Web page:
An hour and a half before Environment Commissioner Simon Upton launched his report on greenhouse gases the Climate Change Minister issued a press statement rubbishing it.
And while Federated Farmers and Dairy NZ welcomed his report, Greenpeace accused him of having been influenced by the agricultural lobby.
They were joined, unusually by BusinessNZ who said the recommendations in Upton’s report would nobble the Emissions Trading Scheme.
Upton has dared to challenge not only the orthodoxy but really the foundations of New Zealand’s climate change policies.
In doing that he confessed to having changed his mind since he was Minister for the Environment in the Bolger and Shipley governments.
He is now questioning whether all greenhouse gas sources and sinks (like trees) are fully substitutable.
In other words, does carbon dioxide really have the same impact on global warming as the agricultural gases, nitrous oxide and methane.
This is an important distinction because carbon dioxide is largely a product of industrialised society —through factories like steel mills or transport whereas nitrous oxide or methane is generally a product of agriculture.
“Carbon dioxide poses by far the most serious challenge in the long run,” he said.
“Some of it stays in the atmosphere for thousands of years.
As it concentrates in the atmosphere increases so does the warming.
“And unless we reduce these emissions to zero we have no hope of arresting temperature increases.
“In other words emitting carbon dioxide is like turning up a thermostat that can’t be easily turned down.
“So reducing global carbon dioxide emissions must be our top priority.”
Upton says methane and nitrous oxide have a more powerful warming effect.
“But they are shorter lived.
“They don’t accumulate to the same extent.
“So we need to reduce them.
“We do not necessarily need to eliminate them.”
But Upton then questions the most fundamental plank of the Labour-led Government’s climate change programme; net zero emissions by 2050.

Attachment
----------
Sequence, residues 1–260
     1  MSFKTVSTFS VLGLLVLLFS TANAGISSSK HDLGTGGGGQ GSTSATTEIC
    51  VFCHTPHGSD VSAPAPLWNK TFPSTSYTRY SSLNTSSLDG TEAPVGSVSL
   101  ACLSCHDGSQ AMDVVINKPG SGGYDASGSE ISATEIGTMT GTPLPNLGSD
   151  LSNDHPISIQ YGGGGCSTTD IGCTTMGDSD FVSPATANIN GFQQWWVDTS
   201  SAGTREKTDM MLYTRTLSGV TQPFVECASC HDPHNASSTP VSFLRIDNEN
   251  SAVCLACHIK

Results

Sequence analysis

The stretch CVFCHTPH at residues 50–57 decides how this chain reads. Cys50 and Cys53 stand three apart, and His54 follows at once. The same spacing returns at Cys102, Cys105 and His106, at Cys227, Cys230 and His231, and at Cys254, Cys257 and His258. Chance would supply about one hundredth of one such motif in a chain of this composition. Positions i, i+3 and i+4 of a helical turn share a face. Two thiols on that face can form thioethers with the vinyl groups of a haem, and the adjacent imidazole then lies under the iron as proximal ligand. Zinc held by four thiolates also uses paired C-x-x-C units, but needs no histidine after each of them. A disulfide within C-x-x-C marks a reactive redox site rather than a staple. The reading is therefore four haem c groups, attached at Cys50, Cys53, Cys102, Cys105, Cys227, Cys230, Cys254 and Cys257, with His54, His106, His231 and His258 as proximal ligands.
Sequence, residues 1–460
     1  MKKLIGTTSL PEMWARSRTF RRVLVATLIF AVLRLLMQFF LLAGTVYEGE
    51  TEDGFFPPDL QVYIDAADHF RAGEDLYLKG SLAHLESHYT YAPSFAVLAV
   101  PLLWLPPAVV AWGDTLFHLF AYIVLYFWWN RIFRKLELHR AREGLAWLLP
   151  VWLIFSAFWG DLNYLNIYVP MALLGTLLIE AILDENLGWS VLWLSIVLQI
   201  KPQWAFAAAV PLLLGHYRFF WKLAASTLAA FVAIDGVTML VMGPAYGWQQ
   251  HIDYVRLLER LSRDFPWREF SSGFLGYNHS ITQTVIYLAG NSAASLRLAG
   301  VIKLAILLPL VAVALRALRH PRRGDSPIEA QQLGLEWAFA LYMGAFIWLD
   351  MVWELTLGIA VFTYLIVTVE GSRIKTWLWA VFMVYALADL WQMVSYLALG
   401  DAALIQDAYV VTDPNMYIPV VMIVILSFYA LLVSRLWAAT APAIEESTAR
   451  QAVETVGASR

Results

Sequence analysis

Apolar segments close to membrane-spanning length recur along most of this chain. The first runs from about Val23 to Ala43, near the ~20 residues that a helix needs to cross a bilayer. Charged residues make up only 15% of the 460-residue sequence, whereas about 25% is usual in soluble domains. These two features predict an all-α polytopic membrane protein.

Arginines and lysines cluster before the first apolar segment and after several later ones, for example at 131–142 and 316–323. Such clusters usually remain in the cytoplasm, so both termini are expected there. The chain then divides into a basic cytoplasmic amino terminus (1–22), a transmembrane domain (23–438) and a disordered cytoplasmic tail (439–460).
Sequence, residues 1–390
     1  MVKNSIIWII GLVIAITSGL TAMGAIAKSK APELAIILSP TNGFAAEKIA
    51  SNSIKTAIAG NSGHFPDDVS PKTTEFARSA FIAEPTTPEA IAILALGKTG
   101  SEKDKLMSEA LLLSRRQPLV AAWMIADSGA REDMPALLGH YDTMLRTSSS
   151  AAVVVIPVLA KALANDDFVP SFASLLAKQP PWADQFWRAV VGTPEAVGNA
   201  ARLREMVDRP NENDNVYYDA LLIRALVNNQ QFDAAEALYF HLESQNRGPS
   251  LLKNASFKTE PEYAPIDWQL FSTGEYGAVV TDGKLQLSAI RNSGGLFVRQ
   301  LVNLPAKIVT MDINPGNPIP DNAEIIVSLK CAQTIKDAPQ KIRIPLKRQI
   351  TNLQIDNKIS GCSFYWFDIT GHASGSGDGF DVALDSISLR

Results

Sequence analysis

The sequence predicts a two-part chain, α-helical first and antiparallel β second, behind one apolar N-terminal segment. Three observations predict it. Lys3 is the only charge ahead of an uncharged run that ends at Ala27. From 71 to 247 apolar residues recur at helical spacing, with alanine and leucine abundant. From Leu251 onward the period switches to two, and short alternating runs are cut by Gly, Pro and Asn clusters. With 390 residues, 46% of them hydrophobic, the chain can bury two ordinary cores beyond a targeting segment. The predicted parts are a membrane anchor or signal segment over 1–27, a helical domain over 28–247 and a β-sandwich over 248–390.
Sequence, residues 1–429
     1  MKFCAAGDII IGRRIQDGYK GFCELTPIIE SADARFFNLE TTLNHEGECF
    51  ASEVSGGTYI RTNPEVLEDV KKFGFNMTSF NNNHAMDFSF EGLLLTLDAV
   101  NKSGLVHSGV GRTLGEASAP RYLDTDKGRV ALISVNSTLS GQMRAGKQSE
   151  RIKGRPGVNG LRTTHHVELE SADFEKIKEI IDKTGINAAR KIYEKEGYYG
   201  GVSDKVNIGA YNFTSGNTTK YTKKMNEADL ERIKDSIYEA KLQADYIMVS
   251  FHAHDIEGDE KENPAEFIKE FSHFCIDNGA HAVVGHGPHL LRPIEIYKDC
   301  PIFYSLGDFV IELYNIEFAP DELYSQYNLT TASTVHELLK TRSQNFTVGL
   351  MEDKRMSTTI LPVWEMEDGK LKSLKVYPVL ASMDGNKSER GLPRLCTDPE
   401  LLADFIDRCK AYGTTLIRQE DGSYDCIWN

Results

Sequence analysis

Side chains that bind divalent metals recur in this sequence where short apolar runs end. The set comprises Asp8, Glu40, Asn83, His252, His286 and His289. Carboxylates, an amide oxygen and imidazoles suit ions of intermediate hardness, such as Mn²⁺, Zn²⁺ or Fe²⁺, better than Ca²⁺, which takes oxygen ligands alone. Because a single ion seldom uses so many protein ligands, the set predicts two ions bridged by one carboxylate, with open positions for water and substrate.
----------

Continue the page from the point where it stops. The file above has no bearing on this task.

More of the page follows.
Because carbon dioxide and the agriculture gases stay in the atmosphere for different lengths of time, any approach that groups them together does not necessarily have the stated impact on global warming.
“An aggregate target like net zero emissions by some future year cannot guarantee any particular climate impact.
“The fossil carbon dioxide emitted into the atmosphere has a warming effect for centuries to millennia.”
And he questions the whole proposition that planting trees can store carbon thereby impacting global warming.
“The carbon stored by trees and other terrestrial ecosystems can be quickly released back into the atmosphere in the event of fires pests or other disturbances.”
So Upton argues that the ability of trees to store carbon for what might be finite periods would more logically mean that they should be used to offset nitrous oxide and methane but not carbon dioxide.
His fundamental difference with Climate Change Minister James Shaw is that the only way to reduce the impact of New Zealand produced carbon dioxide on the climate is to reduce its emissions, ultimately to zero.
Shaw yesterday reaffirmed the Government’s commitment to incentivising forestry as a means of combatting climate change, and it was a necessity that they were planted.
“For the sake of providing policy stability and predictability for emitters and the forestry sector, the Government is committed to retaining the use of forestry offsets for carbon dioxide and other greenhouse gas emissions